Most mainstream news stories focus on esports winnings, scholarship opportunities and online viewing numbers. Those items, and the coverage in general, are good for esports exposure. However, scholastic esports environments and programs offer so much more to the participants.
While some will make the jump from scholastic to professional, more likely their time in the program will go toward a career pathway. Examples include:
- Coaching and administration
- Sales and marketing
- Event planning and coordination
- Branding and advertising
- And many more
When considering how to design your scholastic esports program, there are several areas to look at:
Varsity and General Access Gaming Spaces
Your top performing team may require more space and high-performing, dedicated, specialty equipment or that which aligns with strategic team partners. Other stations may be outfitted in a more condensed space with reliable gaming equipment. Additionally, some titles may only be available on gaming consoles. Will consoles be placed in-line with other gaming computers or perhaps share space on a desk with a PC? Consider the use and limitations each can present.
Broadcasting and Streaming Area
Shoutcasting of competitions is fast paced, requires a technical knowledge of the games and can demonstrate command of language. Media communications and interviews demonstrate the ability to plan, prepare and interact with others. Preparing the space, lighting, audio and video require technical expertise. All of these will be valuable skills to employers downstream.
Collaboration, Teaming and Coaching Space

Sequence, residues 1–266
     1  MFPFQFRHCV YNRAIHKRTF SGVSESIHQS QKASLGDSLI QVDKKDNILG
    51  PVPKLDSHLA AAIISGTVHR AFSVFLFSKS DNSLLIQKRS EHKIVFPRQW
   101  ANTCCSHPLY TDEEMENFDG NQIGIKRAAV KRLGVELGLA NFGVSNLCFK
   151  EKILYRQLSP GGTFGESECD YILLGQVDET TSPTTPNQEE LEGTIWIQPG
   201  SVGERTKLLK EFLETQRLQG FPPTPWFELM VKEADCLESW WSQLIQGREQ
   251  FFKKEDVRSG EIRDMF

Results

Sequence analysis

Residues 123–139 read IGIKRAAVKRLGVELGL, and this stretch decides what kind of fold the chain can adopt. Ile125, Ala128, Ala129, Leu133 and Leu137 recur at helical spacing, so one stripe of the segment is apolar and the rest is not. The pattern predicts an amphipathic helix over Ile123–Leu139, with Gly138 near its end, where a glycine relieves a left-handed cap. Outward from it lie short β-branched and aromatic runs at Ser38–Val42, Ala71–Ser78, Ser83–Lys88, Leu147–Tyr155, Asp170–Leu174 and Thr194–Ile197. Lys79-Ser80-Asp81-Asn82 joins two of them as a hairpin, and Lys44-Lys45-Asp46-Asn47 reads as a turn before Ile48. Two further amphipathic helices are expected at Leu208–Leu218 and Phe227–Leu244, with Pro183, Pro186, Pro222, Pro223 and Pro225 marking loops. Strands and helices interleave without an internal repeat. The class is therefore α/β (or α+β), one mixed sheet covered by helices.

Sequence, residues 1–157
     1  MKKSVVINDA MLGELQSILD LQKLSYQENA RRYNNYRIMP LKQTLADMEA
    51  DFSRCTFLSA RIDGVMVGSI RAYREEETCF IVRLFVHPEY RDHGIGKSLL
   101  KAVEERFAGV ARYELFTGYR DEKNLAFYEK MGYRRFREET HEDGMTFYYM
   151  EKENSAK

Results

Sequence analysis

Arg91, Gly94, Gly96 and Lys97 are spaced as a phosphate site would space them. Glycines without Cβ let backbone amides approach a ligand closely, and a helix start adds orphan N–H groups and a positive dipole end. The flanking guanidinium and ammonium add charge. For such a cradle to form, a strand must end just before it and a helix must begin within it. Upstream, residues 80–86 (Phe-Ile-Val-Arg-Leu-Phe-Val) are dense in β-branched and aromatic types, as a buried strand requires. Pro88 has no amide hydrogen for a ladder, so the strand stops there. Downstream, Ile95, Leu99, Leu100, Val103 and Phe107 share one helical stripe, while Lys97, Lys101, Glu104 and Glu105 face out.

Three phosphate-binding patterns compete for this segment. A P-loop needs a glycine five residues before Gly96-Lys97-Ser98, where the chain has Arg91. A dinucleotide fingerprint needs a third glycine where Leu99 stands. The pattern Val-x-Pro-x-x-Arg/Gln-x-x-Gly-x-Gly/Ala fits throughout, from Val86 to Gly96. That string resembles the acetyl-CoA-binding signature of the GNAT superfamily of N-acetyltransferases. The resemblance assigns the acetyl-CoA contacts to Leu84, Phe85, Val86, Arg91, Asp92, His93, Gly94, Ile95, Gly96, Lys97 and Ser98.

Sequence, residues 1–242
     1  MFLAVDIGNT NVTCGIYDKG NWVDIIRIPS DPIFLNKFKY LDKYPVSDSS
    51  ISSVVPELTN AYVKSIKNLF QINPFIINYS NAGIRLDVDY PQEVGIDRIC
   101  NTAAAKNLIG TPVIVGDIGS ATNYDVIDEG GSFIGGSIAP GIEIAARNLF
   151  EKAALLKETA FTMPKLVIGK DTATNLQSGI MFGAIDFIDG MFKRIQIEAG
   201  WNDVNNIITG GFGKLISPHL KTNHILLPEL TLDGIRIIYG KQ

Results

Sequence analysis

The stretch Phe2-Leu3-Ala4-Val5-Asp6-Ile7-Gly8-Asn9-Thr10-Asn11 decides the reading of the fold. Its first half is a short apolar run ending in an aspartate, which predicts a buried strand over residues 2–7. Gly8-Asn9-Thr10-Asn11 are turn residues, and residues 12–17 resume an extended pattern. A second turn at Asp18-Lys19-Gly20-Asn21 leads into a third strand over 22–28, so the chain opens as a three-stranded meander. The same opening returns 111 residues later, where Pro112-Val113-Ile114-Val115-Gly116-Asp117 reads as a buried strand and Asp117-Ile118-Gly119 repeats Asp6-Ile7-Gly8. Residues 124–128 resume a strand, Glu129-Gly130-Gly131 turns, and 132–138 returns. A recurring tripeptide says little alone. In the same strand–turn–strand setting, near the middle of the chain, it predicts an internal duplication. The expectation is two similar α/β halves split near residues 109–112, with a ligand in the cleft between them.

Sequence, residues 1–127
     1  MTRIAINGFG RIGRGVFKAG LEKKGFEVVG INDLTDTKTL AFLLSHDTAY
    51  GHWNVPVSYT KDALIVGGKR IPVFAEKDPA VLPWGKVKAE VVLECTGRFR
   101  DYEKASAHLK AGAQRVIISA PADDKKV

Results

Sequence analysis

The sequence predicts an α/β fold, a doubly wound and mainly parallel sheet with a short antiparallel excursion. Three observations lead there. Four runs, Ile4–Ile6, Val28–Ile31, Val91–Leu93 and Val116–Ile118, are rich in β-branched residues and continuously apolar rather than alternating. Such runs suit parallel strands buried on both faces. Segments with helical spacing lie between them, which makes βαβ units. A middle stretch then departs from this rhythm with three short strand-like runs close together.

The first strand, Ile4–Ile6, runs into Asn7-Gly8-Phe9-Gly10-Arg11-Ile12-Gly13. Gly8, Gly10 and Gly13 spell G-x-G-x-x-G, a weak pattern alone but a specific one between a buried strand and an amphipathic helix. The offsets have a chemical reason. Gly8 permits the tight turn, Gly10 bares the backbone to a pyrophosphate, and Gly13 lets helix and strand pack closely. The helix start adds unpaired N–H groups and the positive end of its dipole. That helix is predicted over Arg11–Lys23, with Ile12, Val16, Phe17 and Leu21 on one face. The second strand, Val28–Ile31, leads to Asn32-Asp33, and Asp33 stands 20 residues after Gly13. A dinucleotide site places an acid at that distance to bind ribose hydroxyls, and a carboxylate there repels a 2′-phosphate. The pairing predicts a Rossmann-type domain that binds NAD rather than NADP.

Whether breaking down film of future competitors, reviewing team and individual performance, or strategizing on the marketing of a program or event, the need for dedicated space for group huddles has never been more important.
Social, Gathering and Spectator Space
From locker rooms to campus commons, providing spaces for students to connect has never been greater. Don’t minimize the opportunity to provide this within an esports environment. Many students will find that this is their campus destination. Allow them to make the area their productivity space and connection zone with their peers. Don’t push them out to other spaces or buildings. Additionally, consider how people can view competitions in person.
All in all, take some time to plan and consider the esports environment as a whole. If you do it right, it could help your students launch their future careers.
Scott Dorn is an executive vice president with Spectrum Industries. For more information on Spectrum’s esports planning services, visit spectrumfurniture.com/en/special/campus-rec-form.